Indonesian Human Rights Activist, Aka “Orgasm Lady”, Spreads Female Empowerment Through Sex Education

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Orgasm. There, we said it. That word which makes many people feel uncomfortable because of the way we have been culturally conditioned to view sex, sexuality, and bodies. We fully believe that for sex education to be more effective and an informative tool for youth, it must include discussions about pleasure, along with all the other stuff.

A woman in Indonesia is on a mission to ensure that men and women in her conservative culture can find the comprehensive information they need. Firliana Purwanti is a human rights activist, who is on a mission to promote gender equality and female empowerment through her sex education organization, The O Project. Her nickname is “the orgasm lady” because, well, that is one of the main things she talks about. She is also very politically active, and by day is a development worker tackling natural disasters.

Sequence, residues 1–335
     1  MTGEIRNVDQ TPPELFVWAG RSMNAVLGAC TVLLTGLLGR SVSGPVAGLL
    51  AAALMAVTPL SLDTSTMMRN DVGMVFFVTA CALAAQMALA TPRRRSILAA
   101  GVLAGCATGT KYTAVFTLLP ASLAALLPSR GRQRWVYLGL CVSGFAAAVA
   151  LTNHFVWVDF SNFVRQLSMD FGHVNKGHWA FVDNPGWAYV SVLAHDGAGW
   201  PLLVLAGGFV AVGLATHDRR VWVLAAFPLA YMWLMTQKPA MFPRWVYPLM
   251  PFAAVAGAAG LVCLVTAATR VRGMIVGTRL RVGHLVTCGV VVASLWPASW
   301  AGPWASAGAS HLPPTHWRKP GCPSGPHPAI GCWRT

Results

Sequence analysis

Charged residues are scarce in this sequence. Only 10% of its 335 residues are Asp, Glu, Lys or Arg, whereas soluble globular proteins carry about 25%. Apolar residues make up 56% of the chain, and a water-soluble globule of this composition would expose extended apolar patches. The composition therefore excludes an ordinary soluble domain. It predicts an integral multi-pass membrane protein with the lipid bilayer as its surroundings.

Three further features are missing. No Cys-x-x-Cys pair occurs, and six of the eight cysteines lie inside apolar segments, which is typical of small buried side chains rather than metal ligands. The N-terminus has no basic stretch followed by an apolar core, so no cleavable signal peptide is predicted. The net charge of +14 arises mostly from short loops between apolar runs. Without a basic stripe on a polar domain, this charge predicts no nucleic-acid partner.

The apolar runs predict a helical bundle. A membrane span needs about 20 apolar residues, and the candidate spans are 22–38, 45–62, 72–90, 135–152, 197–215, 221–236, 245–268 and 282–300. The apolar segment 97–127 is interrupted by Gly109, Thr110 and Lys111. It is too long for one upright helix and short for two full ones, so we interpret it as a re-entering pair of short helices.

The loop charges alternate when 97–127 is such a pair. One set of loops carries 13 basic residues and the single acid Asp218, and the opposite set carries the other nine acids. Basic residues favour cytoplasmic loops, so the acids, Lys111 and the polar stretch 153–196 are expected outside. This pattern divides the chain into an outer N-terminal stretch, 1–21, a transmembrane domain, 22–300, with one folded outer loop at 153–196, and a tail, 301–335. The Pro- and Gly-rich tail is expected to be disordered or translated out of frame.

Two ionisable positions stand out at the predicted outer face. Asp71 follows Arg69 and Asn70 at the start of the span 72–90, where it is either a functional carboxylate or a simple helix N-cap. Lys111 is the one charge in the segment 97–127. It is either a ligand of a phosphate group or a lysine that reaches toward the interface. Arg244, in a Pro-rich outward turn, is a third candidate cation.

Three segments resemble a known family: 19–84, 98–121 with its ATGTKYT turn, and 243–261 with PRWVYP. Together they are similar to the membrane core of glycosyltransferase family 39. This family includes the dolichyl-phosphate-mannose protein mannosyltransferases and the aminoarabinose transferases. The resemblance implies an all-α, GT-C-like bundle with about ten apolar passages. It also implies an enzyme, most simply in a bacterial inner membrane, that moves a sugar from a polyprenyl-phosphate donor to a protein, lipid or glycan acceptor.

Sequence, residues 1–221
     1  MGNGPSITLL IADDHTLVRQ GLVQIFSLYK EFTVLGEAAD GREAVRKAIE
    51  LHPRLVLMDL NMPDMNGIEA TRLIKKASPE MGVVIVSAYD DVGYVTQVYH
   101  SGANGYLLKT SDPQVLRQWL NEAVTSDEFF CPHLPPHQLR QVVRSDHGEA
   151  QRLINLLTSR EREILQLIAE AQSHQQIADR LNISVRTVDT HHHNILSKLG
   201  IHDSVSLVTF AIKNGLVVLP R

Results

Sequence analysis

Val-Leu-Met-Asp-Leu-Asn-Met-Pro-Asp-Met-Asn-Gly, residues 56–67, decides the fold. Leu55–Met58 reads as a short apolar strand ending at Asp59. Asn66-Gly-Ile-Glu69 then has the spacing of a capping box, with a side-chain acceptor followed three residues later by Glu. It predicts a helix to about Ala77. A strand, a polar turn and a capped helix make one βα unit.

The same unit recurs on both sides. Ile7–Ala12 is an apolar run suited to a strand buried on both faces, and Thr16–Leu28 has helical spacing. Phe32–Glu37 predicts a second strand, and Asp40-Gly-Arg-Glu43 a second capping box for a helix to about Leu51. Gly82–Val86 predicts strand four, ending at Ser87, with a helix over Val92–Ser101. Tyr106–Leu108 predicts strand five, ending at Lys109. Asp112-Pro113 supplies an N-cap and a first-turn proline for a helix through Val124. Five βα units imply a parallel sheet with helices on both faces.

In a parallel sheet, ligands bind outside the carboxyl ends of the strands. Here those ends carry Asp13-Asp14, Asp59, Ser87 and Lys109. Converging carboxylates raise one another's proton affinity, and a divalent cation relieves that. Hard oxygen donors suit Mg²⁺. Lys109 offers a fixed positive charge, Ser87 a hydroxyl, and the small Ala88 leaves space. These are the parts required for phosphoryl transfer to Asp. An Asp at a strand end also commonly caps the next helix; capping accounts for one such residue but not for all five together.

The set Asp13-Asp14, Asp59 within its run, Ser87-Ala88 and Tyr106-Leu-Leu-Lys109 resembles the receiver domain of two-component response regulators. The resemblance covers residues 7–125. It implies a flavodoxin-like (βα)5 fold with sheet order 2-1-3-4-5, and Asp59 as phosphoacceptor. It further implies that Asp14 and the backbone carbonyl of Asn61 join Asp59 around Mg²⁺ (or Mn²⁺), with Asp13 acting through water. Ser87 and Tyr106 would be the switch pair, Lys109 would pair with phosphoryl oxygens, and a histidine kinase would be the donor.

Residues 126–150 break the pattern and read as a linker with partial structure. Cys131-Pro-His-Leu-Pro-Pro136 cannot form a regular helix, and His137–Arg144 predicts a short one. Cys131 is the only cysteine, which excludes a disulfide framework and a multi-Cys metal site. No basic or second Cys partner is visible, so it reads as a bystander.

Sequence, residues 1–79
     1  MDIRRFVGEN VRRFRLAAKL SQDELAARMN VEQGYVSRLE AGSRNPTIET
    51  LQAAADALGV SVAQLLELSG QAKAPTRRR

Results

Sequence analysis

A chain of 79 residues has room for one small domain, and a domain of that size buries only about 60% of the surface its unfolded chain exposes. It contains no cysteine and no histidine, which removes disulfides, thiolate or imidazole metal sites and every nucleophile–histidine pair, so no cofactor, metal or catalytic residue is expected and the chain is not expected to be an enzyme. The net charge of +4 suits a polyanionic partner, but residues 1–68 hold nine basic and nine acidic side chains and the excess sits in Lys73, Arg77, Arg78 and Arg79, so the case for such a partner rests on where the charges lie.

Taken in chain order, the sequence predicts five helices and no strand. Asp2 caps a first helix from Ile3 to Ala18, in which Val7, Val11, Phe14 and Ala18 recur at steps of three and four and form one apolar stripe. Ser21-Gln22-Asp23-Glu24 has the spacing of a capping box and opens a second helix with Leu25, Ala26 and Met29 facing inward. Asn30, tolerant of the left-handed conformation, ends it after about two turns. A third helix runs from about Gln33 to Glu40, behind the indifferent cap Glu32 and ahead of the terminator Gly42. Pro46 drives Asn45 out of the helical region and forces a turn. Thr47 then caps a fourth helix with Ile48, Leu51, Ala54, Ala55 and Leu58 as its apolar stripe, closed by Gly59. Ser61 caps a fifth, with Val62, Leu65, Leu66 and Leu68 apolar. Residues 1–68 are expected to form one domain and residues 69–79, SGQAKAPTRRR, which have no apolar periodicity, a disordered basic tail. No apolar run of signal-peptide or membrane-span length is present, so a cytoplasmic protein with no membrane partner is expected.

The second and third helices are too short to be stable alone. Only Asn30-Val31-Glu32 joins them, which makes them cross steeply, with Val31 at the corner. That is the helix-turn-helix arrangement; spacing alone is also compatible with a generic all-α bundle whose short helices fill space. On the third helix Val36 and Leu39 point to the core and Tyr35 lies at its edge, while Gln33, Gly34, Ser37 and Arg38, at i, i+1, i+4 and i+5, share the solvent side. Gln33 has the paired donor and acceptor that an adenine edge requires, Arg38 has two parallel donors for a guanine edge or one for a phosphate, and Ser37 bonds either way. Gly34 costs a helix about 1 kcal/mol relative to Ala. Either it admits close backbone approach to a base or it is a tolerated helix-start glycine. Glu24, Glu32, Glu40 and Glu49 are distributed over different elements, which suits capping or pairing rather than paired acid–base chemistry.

Firliana believes equality in the bedroom should be a conversation that happens more often. Her mission began in 2010 when she wrote a book called ‘The O Project’, documenting the sexual experiences of 14 Indonesian women. It became a best-seller, considered one of the most well-known feminist books in the country.

While there are definitely common threads throughout discussions about sexuality in many countries, Firliana is specifically focused on changing the conversation in her home country because of some of the hideous and antiquated ways Indonesia views virginity.

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Indonesia is the largest Muslim country in the world where up to 90% of people identify as Muslim. Religion infiltrates legislation in shameful, harmful and unnecessary ways. In an op-ed for the Guardian written in 2015, Firliana writes that the national police force require “two finger virginity tests” for female recruits, but strangely nothing of the sort for men.

The military mandates virginity tests for women who marry military men, and some high schools even tried to impose virginity tests for girls who wanted to graduate. The Hindustan Times reports the country’s highest court is currently hearing a petition from conservative Islamic activists lobbying to outlaw sex outside marriage.

She wants to educate people about sex so that there isn’t an unhealthy obsession with valuing women based on whether they have had sex or not.

“Our morality is being watched through our vagina,” she told The Straits Times.